If I don’t like doing something,
generally, it means that I’m not very good at it.
When we are not good at doing something, generally, it means that it doesn’t come naturally and so it is much easier to push it aside and focus on what does. In my opinion, the only way to get good at something, or to be able to perform better at something is to practice. Is practice synonymous with time? I don’t think so. But, to explain this we need to talk about two elements: 1) being consistent 2) correct information.
I immersed myself into swimming about five years ago. Sure, I could swim to save my life, but I didn’t know how to perform any of the strokes with much proficiency or accuracy. The bottom line is that I didn’t know what I was doing at all; so I took lessons. I didn’t really like doing backstroke, and when I heard my internal dialogue say so, I knew that I would have to work on it (meaning practice) to change my opinion of that stroke. It didn’t and doesn’t mean that I have to spend a lot of time doing it, but rather, when I do practice, I practice with my whole being. I dissect the mechanics of the movement to understand what it is that I don’t like about it. Now I like it, because I can do it, because I understand it – because, I understand what I need to do. But, to be clear, being able to do something well doesn’t automatically make it easy to do. In fact, each time I revisit the backstroke (or any stroke for that matter), I focus on the precision of each micro-movement, which makes up the whole and I continue to break it down, which makes it more challenging. This is why my practice sessions are relatively short, because they are intense. Now at the time of posting this, I can barely recall having any dislike for backstroke anymore…like water under the bridge.
“Practice, practice, practice.” ~Sri K. Pattabhi Jois
Many people still believe that in order to become an expert at something, one must make an investment of nearly ten thousand hours worth of practice. This is a very popular held belief; it is not one of mine. This may sound like a contradiction but actually there is a distinction within this concept. Yes, I agree in practice, it is at the core of my being. What I disagree with is the statement of time. Duration or the amount of time spent practicing is meaningless. You can sit and practice for hours or years and still be mediocre at the thing you are practicing. Breaking down your body with hours of intense practice does not an expert make! Especially if that practice is done incorrectly. Intellectually, however, you may have become an expert in its theory. But, we all know that it is the application of theory, which is the goal. In other words, book knowledge vs. experience; a balance of both is ideal.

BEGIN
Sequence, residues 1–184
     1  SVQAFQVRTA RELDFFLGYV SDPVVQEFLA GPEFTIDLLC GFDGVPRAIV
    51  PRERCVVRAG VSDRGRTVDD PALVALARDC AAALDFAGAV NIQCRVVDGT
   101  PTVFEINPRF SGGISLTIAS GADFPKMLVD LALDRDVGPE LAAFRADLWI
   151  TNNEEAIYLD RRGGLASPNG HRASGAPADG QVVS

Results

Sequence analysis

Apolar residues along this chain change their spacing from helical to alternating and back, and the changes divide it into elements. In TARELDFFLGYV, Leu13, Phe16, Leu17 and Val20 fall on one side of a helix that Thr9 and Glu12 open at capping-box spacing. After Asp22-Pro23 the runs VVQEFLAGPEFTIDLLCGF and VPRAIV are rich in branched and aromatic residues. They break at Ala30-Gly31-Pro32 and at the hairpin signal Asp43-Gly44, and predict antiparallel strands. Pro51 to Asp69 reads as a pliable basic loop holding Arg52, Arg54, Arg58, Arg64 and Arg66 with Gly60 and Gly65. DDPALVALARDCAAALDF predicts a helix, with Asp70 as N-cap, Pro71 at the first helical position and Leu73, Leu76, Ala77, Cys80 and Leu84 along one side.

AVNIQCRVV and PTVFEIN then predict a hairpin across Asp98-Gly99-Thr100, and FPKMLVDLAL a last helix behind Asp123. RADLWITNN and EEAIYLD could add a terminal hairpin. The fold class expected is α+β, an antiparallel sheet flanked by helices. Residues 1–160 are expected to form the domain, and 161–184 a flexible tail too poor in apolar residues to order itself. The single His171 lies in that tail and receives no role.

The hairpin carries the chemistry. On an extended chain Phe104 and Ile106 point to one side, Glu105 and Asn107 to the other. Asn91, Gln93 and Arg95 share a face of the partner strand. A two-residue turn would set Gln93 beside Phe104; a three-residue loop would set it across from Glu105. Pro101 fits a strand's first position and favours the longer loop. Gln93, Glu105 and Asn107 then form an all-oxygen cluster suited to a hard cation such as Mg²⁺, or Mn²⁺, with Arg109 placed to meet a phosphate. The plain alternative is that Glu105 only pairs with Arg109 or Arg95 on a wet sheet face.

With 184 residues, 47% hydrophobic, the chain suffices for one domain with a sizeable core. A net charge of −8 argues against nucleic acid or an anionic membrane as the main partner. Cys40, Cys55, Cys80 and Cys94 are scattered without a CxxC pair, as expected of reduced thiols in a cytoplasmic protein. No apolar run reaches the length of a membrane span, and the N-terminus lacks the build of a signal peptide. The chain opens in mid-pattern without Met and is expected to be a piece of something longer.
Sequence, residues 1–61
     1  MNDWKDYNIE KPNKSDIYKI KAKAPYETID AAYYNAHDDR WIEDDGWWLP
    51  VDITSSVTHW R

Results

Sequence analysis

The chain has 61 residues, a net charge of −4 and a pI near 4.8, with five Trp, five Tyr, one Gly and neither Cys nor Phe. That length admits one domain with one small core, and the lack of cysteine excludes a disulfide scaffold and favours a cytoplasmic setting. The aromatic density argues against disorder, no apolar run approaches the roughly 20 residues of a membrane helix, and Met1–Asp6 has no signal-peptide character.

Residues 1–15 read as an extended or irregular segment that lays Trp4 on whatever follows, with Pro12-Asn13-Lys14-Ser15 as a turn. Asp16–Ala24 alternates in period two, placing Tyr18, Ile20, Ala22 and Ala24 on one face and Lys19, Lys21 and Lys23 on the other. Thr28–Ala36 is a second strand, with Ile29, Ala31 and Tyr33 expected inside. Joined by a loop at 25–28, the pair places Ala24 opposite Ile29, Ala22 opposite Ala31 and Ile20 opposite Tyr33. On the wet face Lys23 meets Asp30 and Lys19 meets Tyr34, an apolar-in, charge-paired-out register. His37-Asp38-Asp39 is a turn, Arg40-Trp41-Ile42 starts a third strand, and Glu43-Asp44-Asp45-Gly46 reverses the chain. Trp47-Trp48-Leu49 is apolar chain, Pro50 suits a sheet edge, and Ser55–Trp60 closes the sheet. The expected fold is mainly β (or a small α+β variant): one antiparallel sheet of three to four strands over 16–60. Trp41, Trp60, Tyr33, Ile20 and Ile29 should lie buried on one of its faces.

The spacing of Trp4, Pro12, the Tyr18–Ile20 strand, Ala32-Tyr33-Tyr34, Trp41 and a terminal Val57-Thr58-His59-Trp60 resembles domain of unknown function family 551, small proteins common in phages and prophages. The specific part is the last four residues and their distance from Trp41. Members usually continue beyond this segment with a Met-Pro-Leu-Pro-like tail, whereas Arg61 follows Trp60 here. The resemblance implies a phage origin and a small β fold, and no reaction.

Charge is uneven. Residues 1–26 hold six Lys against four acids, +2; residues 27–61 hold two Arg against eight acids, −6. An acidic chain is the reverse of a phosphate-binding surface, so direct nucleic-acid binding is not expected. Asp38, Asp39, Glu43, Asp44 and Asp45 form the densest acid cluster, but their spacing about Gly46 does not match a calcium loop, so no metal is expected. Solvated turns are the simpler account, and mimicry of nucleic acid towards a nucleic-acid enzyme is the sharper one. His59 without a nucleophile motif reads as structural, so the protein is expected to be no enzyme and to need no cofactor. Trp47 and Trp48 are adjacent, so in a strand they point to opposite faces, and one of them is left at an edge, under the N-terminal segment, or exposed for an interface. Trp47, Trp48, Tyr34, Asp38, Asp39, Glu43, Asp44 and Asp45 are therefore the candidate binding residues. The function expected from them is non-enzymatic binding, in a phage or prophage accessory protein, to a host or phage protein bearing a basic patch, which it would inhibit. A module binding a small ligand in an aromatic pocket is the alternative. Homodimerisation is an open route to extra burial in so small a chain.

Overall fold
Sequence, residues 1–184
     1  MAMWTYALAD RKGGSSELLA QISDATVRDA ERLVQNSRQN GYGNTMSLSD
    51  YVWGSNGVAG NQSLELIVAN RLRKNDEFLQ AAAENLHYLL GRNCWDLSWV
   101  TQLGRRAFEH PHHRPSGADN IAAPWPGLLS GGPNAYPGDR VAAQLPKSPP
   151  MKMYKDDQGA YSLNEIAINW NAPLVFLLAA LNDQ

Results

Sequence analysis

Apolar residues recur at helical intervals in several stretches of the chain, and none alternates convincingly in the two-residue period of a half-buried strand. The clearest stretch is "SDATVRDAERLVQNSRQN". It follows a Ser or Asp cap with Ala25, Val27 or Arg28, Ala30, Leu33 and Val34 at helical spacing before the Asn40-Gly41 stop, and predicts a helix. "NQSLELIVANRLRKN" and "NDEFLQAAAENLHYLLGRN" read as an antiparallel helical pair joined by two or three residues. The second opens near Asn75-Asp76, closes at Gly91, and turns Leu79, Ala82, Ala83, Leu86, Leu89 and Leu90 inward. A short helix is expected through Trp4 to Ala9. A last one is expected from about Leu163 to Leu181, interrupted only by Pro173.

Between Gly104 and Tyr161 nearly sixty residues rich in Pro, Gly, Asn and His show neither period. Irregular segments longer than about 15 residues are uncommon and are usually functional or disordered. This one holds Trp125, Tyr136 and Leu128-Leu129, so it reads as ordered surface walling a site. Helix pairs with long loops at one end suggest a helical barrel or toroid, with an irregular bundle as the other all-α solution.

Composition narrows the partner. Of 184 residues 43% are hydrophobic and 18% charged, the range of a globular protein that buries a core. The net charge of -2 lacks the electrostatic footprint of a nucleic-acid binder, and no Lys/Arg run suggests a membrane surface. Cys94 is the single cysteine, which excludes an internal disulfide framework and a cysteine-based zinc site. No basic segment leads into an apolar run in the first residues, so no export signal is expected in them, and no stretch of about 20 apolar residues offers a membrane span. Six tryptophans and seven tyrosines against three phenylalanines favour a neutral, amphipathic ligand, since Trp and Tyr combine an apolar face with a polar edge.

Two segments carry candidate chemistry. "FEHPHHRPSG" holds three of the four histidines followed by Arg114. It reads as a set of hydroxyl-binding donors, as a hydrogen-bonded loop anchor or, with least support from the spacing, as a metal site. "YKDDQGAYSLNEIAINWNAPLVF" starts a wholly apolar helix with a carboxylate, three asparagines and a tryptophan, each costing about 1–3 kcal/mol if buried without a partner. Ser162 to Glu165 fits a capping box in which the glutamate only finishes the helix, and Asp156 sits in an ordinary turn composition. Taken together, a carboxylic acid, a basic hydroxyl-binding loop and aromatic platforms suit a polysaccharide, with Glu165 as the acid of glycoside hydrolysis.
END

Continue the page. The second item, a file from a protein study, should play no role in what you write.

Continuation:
Sonia Simone writes: “I recently heard Yo-Yo Ma giving an interview about how he got started as a cellist. As it happens, Yo-Yo’s parents are both musicians, and had high musical expectations for their little son. So when Yo-Yo was three, they gave the boy a violin.
And Yo-Yo hated it. Wouldn’t practice. Wouldn’t focus. Didn’t have any zest for it. His frustrated parents finally gave up in disgust.
And then little Yo-Yo saw and heard something amazing, something that surprised and delighted him. Something that he knew was exactly what he wanted to play. It was a double bass — the violin’s really, really big brother. Now that was more like it.
He and his parents split the size difference, and Ma began to study first the viola and then settled (at four years old) on the cello. By seven he was a recognized prodigy, performing for Eisenhower and JFK, and by eight he played on national television, conducted by Leonard Bernstein.
To have become so skilled between the ages of four and seven, he must have put in untold hours of practice. But they were hours spent on something he adored.
Watch Karen X. Cheng. She wanted to learn how to dance in one year. You can too. You can learn anything if you set your mind to it. I have done it; I taught myself how to swim (I haven’t had a lesson in three years or so, but I keep on practicing, refining and researching. I taught myself how to do a Freestyle Flip Turn via GoSwim.tv and I continue to refine it. But don’t think that you need 10,000 hours to accomplish anything worth while. What you need is the WANT, the DESIRE and the WILL. And from that WANT comes the discipline to be consistent with practice. Just don’t kid yourself though, the practice has to be great! Practice with precision. Do it right, then practice again the next day and the day after that.
Read this: How To Become More Unstoppable Every Day
There is so very much to say on this subject; check back for Part 2…
In the meantime: Keep Learning. Be Consistent. Be Healthy. Be Happy. Smile.